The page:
That means no new Arctic oil and gas developments. No more tar sands. And, by extension, no Keystone XL pipeline.

What’s interesting about the research is how specific it is about developing Arctic resources.

The authors, Christophe McGlade and Paul Ekins from University College in London, estimate “100 billion barrels of oil (including natural gas liquids) and 5 trillion cubic meters of gas in fields within the Arctic Circle that are not being produced as of 2010.”

That production alone could tip the globe and warm more than is considered safe. “The results indicate to us that all Arctic resources should be classified as unburnable. To conclude, these results demonstrate that a stark transformation in our understanding of fossil fuel availability is necessary. Although there have previously been fears over the scarcity of fossil fuels in a climate-constrained world this is no longer a relevant concern: large portions of the reserve base and an even greater proportion of the resource base should not be produced if the temperature rise is to remain below 2 degrees” above pre-industrial levels.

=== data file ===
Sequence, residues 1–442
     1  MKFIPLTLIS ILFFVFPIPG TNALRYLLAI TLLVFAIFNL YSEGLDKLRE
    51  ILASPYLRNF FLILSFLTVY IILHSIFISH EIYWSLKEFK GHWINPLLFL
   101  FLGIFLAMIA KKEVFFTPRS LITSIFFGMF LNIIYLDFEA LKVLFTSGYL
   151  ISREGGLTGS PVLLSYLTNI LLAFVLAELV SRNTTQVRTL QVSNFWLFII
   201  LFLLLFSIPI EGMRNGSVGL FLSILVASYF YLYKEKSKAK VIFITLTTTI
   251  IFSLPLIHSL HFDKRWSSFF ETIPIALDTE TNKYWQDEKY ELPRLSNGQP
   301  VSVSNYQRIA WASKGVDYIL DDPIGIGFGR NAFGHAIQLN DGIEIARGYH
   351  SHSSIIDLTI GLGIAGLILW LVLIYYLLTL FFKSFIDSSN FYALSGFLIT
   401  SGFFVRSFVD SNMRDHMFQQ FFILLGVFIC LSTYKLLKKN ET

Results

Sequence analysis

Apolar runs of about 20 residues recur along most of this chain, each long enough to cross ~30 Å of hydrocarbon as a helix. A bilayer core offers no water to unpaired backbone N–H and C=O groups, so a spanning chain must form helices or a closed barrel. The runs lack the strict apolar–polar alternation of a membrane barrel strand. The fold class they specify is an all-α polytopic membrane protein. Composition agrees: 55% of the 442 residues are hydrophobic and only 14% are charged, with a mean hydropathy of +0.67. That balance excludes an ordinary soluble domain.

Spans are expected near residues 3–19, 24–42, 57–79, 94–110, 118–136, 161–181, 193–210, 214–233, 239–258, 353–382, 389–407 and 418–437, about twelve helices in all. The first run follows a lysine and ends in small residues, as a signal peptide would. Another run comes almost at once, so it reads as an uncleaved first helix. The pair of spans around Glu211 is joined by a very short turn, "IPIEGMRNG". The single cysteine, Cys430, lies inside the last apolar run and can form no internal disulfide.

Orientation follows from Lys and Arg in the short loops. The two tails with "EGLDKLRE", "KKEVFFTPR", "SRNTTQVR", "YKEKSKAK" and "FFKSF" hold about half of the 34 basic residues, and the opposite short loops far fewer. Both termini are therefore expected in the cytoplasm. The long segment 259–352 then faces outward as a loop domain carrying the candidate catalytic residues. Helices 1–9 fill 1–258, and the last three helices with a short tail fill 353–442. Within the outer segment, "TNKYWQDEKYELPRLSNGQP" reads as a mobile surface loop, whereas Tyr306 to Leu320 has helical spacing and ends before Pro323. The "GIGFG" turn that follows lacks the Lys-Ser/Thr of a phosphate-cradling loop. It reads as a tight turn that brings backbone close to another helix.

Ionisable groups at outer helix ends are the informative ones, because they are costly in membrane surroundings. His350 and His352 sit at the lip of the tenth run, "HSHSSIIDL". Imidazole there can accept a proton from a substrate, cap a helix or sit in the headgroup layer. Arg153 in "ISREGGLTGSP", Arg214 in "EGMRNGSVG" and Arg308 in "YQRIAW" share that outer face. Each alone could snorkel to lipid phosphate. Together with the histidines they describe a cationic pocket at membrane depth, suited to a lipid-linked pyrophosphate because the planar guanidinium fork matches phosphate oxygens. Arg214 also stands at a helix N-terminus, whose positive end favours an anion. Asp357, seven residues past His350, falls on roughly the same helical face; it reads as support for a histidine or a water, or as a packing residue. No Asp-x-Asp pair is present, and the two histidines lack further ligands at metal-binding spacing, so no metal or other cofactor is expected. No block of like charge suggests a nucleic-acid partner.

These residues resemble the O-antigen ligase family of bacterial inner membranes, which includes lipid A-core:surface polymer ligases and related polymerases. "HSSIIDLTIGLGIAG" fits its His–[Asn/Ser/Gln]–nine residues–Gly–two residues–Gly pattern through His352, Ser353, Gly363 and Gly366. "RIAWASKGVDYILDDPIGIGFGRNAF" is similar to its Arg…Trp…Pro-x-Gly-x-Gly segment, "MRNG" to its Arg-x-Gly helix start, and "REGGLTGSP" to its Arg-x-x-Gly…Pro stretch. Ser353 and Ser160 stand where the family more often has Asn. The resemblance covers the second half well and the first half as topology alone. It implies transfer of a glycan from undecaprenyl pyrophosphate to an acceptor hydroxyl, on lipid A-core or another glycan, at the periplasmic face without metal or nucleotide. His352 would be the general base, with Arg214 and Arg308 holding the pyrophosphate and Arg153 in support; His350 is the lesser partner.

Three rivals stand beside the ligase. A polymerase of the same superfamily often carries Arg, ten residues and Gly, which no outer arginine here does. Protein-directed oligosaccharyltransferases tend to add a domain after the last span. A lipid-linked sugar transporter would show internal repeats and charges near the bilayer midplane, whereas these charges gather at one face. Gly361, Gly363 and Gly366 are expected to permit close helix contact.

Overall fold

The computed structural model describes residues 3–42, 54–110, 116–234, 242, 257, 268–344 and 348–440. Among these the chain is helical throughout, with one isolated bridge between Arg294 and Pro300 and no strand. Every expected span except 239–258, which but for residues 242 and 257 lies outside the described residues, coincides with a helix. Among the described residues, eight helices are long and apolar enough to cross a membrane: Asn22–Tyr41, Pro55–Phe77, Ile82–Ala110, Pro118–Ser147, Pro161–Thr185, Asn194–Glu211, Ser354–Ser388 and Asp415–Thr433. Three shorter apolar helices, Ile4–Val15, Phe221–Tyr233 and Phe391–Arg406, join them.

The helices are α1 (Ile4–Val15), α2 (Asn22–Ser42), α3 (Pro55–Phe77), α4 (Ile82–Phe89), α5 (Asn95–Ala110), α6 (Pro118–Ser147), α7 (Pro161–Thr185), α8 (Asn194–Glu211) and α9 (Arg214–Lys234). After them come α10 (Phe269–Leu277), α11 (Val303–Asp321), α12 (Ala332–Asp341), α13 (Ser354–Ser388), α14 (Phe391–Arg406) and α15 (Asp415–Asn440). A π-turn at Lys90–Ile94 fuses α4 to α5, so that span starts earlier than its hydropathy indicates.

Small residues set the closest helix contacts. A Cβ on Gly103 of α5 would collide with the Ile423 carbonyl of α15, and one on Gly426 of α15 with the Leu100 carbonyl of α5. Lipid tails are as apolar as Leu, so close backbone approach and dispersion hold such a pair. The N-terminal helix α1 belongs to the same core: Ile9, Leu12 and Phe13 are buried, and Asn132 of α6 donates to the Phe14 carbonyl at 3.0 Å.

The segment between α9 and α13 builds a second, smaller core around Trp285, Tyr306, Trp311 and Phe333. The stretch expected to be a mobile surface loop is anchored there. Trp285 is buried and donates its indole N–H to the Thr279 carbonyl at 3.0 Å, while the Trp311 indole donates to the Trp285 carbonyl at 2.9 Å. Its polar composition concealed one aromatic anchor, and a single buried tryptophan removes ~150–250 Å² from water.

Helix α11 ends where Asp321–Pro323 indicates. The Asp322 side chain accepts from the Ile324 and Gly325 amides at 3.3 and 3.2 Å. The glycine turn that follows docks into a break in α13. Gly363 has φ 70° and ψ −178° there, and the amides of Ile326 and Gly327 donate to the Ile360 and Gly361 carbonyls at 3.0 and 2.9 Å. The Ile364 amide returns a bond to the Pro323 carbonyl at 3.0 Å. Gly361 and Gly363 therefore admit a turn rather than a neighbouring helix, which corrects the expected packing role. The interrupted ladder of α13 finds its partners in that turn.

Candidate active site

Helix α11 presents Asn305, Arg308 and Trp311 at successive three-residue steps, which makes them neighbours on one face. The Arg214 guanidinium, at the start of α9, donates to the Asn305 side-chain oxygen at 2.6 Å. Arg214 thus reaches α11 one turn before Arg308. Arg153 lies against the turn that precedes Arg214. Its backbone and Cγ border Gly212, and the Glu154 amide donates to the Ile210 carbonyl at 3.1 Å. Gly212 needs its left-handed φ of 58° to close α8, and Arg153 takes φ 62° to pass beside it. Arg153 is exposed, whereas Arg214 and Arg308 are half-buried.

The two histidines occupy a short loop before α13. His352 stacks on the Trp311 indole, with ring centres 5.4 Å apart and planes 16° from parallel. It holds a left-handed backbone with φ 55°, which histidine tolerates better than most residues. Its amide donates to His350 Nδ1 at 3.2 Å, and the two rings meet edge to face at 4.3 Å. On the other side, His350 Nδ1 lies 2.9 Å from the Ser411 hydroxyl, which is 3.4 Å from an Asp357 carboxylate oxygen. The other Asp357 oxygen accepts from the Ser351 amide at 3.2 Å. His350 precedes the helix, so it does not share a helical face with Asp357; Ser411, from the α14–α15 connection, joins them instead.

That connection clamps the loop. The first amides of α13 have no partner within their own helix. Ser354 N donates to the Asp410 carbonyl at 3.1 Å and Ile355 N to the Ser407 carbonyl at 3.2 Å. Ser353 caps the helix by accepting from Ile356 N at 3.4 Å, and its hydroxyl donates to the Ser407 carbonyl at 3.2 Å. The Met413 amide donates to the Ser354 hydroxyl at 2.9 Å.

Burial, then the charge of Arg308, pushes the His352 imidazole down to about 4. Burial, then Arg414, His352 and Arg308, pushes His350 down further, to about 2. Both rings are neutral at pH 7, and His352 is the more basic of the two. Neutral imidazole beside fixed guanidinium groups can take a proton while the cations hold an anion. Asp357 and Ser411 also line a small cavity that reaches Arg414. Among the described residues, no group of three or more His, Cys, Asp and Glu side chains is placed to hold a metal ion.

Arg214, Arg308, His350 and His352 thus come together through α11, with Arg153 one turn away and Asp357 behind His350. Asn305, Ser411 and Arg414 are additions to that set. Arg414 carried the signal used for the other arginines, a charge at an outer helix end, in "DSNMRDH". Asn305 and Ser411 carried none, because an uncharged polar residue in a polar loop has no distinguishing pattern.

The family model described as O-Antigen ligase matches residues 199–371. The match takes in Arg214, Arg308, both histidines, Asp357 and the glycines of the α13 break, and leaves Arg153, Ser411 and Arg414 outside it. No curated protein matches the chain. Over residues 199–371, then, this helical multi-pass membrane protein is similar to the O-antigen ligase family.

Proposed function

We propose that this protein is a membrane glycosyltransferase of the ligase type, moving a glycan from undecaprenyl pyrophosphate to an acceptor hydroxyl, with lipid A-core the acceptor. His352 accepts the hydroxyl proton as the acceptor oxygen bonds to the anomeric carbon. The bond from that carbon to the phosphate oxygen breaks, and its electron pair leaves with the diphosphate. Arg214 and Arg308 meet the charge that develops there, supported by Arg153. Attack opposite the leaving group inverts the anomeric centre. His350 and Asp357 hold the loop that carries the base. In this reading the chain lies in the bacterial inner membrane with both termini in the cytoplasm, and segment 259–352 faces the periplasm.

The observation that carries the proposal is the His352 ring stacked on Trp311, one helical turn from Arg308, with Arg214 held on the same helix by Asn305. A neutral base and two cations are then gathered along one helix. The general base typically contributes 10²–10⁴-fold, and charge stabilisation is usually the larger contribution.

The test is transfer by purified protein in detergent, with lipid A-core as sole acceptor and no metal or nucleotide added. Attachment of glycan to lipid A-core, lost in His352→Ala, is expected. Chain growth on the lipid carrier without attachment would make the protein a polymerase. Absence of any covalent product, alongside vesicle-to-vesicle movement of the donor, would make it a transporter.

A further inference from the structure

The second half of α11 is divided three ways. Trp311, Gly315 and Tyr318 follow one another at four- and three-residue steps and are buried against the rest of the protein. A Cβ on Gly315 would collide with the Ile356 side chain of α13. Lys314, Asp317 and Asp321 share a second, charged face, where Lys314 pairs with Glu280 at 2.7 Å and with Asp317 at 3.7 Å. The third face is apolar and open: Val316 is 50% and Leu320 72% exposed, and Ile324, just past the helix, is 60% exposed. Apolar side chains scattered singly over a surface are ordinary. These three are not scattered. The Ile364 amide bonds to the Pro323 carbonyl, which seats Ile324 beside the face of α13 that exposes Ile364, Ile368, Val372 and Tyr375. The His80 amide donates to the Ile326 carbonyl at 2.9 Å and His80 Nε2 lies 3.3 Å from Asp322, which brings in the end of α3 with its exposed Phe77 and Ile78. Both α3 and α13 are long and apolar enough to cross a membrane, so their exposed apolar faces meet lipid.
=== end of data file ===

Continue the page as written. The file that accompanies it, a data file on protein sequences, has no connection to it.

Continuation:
The president’s action is not final. Congress would have to do that. But this action means the Interior Department can manage the lands as if Congress had acted. (Congress could reverse Interior, but remember in the Senate that means finding 60 votes. That’s not likely to happen.)

Is this the Climate Moment? The turning point? There is a lot of work ahead, but the Obama administration is acting as if the answers are a “yes.”

Mark Trahant holds the Atwood Chair at the University of Alaska Anchorage. He is an independent journalist and a member of The Shoshone-Bannock Tribes. For up-to-the-minute posts, download the free Trahant Reports app for your smart phone or tablet.

Share on Facebook

Trahant